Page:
Is this the moment I should adopt Agile? Where else, apart from IT, can Agile be useful? Are there any situations when you’d better not take it into consideration? This is the first article in a series in which I am going to answer your questions and clear your doubts as regards Agile.
When should I consider doing Agile? There are several reasons why companies consider implementing Agile. I am going to present the most popular ones:
#1 Tasks the team is supposed to deal with are difficult or it would take an unreasonable amount of time to estimate the timeframe and/or workload.
What time would be reasonable to estimate the timeframe and workload? Well, it would have to be much shorter than the time you need to complete the tasks you plan. However, sometimes planning takes much longer than the work itself.
When does it take longer to plan the work than to actually do it?
It may happen if you need to do some research. For instance, an advertising agency plans a new product campaign. The team is not able to determine how many days it will take to develop it because they have to do some market research first. Depending on the findings they will adjust the campaign they work on or do some more research.
Ok., but every project has a deadline. You have to be able to estimate the time you need to complete the project and set the deadline.
Of course, every marketing campaign has a deadline. In reality however the team usually will say: “Well, we will do what we will manage to do in the time given so as to cover at least the necessary scope of the assignment”. But they will not strictly follow the schedule
How can Agile help me in such a situation?
Thanks to the „Inspect and Adapt” philosophy Agile lets you start a project even if you know only the direction in which it is going to develop – and not its definite and detailed goal. It also provides a mechanism that allows you to control any changes in the way the team works during the project, in regular intervals. In addition, Agile assumes the goals will change as the project develops and it lets you introduce those changes without having to start everything from scratch, if only it is physically possible.
#2 You are not able to determine how much time your team will need to complete the tasks.
There are instances you cannot determine how much time you need to reach your goal, no matter how much time you spend planning your work.
What do you mean by saying it is impossible to determine the time needed to reach one’s goal? If I know what I have to do and how it should be done, I will be able to tell you how much time it will take me to do it, right?
Yeah, I often hear this catchy but fallacious argument. Let’s take my favourite example, the recruitment process. Most HR department have a set of recruitment procedures. Forms, channels, requirements, and so on. These are usually ready or you need only a while to have them ready. And this is the moment we should ask ourselves a question: “If we know what we are supposed to do as regards recruitment, why does it sometimes take us a week and sometimes 2 months to find the right person?” The answer is quite simple – you cannot determine the time you need because you operate in an environment that changes dynamically. This causes certain problems. How can you plan to recruit more people if you don’t know how long the current recruitment process will take?
So why not assume that we need 2 months to reach our goal. After all, we know 2 months will be enough.
Sure, you can assume you need maximum 2 months to find someone suitable for the position. And what if you find that person within a week? How will you plan the team’s work then? Often, traditional management methods are not helpful in such situations.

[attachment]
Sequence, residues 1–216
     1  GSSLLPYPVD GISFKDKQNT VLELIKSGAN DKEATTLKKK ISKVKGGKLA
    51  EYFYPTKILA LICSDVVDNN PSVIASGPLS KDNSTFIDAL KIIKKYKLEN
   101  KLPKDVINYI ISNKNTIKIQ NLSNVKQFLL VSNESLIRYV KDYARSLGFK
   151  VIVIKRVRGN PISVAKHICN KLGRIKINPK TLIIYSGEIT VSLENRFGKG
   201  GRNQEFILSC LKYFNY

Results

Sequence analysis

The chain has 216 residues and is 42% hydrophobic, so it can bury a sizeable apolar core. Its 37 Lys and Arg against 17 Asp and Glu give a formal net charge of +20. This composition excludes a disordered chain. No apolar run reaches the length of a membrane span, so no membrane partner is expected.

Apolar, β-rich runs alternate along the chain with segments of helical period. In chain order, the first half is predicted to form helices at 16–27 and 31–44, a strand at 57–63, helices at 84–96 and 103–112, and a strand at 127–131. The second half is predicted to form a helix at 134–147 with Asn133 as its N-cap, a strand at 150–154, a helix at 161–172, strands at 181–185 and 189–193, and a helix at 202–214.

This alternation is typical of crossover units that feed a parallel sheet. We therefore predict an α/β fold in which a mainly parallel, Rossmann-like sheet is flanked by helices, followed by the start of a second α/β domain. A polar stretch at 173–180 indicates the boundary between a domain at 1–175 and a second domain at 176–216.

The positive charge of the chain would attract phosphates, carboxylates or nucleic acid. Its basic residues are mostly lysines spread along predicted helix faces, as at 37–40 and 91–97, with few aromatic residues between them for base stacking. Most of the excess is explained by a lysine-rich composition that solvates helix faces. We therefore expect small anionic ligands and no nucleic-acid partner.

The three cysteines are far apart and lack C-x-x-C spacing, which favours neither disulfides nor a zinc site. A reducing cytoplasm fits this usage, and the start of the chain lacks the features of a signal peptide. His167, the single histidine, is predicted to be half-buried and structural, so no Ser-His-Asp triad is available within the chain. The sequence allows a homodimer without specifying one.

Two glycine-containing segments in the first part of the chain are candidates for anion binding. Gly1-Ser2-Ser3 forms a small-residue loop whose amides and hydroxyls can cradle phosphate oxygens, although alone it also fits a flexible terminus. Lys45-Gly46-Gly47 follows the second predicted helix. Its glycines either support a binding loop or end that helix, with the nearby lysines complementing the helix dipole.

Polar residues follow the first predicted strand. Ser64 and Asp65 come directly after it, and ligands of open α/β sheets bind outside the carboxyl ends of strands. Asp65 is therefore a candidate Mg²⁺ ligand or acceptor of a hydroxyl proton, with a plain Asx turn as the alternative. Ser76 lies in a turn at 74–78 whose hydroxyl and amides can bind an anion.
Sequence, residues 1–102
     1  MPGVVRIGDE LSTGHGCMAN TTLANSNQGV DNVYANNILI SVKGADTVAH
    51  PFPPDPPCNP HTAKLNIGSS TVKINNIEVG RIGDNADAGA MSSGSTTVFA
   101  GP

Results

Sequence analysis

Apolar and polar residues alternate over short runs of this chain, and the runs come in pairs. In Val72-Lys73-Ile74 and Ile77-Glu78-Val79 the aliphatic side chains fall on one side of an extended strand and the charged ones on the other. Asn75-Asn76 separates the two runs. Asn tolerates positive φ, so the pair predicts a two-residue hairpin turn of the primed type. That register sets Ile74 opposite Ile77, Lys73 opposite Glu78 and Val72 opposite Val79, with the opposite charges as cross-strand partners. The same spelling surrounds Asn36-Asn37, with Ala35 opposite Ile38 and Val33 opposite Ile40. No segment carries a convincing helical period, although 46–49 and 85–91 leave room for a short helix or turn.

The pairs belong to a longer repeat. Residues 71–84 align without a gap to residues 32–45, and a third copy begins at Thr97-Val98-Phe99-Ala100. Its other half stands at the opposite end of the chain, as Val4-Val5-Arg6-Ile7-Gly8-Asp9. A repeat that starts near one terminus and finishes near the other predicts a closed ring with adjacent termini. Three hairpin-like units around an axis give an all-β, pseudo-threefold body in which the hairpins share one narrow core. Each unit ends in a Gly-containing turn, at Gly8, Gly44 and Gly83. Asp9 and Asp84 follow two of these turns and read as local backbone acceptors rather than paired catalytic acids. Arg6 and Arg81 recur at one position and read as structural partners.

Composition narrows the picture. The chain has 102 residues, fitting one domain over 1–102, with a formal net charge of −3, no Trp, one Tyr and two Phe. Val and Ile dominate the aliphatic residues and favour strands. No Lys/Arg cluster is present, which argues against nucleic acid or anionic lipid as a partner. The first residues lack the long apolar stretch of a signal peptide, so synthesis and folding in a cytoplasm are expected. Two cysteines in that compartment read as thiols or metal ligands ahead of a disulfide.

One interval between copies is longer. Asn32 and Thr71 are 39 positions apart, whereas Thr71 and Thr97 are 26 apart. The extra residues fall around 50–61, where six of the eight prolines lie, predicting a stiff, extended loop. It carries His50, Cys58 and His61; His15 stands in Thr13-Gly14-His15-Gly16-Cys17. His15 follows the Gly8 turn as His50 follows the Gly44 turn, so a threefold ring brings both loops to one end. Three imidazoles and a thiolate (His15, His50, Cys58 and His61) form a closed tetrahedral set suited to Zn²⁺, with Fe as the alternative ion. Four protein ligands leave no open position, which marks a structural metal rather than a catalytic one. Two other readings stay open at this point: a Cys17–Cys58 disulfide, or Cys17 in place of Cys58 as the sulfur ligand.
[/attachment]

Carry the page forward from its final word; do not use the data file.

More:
How can Agile help?
In Agile we have a queue of tasks to be completed. It is not something that differentiates Agile from other project management methods but what makes it different from them is the fact that in Agile there are self-organising teams. Each member assigns tasks to themselves and they do them in the optimal time. Such an approach makes it possible to balance workload for each employee in a given department
#3 You don’t know the scope of the project and its scale at the start of the project.
How come you start a project and don’t know its scope? Well, that’s simple: it happens when you know the need but you don’t know how to address it.
In what kind of project aren’t you able to determine its scale from the very start?
There are a number of need-based projects whose scale cannot be predicted, for instance:
Optimisation of processes in an organisation.
New product development in line with dynamic market trends.
Taking over and starting the maintenance of a product developed by an external partner.
And there are many projects whose aim is known to us but you can still discuss what steps to take to reach that aim.
How can Agile help in this situation?
In Agile you work iteratively. To put it short, this means that every large project is divided into a set of smaller stages called iterations. What makes Agile iterations different from iterations in other project management methodologies is the fact that after each iteration an increment is produced. And what is increment? Well, it is a ready-to-use fragment of the final project. Or, in other words, after each iteration you get a fragment of the final project and you can use it straight away. In the examples I discussed above an increment could be:
One or more optimized processes.
A module of the product based on market research.
A fully or partially taken over fragment of the product.
These are just a few reasons why you should consider using Agile. If you know any other and you would like to share your opinion with other readers, leave a comment.
Follow the blog to make sure you don’t miss my next post. I will be talking about instances when Agile should not be used and I will explain why.
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